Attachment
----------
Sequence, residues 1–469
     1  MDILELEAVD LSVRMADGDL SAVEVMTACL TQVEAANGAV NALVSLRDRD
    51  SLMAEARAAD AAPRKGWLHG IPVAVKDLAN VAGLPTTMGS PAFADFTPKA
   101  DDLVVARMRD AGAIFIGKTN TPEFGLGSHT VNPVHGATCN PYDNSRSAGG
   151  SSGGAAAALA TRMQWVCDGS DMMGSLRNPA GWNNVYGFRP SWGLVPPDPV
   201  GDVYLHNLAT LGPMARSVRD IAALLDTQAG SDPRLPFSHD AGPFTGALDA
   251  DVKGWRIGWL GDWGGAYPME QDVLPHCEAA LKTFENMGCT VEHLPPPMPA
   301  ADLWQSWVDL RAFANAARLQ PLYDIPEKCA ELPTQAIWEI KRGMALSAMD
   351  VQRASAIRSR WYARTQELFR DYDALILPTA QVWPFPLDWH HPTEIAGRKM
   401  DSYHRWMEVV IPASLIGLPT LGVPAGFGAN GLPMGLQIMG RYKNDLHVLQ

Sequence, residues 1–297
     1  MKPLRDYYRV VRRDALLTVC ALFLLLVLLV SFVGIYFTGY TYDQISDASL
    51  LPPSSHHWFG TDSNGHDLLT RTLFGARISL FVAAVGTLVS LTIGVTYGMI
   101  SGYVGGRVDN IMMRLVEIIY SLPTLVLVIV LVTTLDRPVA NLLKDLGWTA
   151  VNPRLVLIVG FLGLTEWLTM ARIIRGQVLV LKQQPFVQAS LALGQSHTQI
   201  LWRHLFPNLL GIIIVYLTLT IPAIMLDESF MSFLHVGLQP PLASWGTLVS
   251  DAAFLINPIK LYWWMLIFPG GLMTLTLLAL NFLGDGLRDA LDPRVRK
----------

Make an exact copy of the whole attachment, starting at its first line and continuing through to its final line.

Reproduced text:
Sequence, residues 1–469
     1  MDILELEAVD LSVRMADGDL SAVEVMTACL TQVEAANGAV NALVSLRDRD
    51  SLMAEARAAD AAPRKGWLHG IPVAVKDLAN VAGLPTTMGS PAFADFTPKA
   101  DDLVVARMRD AGAIFIGKTN TPEFGLGSHT VNPVHGATCN PYDNSRSAGG
   151  SSGGAAAALA TRMQWVCDGS DMMGSLRNPA GWNNVYGFRP SWGLVPPDPV
   201  GDVYLHNLAT LGPMARSVRD IAALLDTQAG SDPRLPFSHD AGPFTGALDA
   251  DVKGWRIGWL GDWGGAYPME QDVLPHCEAA LKTFENMGCT VEHLPPPMPA
   301  ADLWQSWVDL RAFANAARLQ PLYDIPEKCA ELPTQAIWEI KRGMALSAMD
   351  VQRASAIRSR WYARTQELFR DYDALILPTA QVWPFPLDWH HPTEIAGRKM
   401  DSYHRWMEVV IPASLIGLPT LGVPAGFGAN GLPMGLQIMG RYKNDLHVLQ

Sequence, residues 1–297
     1  MKPLRDYYRV VRRDALLTVC ALFLLLVLLV SFVGIYFTGY TYDQISDASL
    51  LPPSSHHWFG TDSNGHDLLT RTLFGARISL FVAAVGTLVS LTIGVTYGMI
   101  SGYVGGRVDN IMMRLVEIIY SLPTLVLVIV LVTTLDRPVA NLLKDLGWTA
   151  VNPRLVLIVG FLGLTEWLTM ARIIRGQVLV LKQQPFVQAS LALGQSHTQI
   201  LWRHLFPNLL GIIIVYLTLT IPAIMLDESF MSFLHVGLQP PLASWGTLVS
   251  DAAFLINPIK LYWWMLIFPG GLMTLTLLAL NFLGDGLRDA LDPRVRK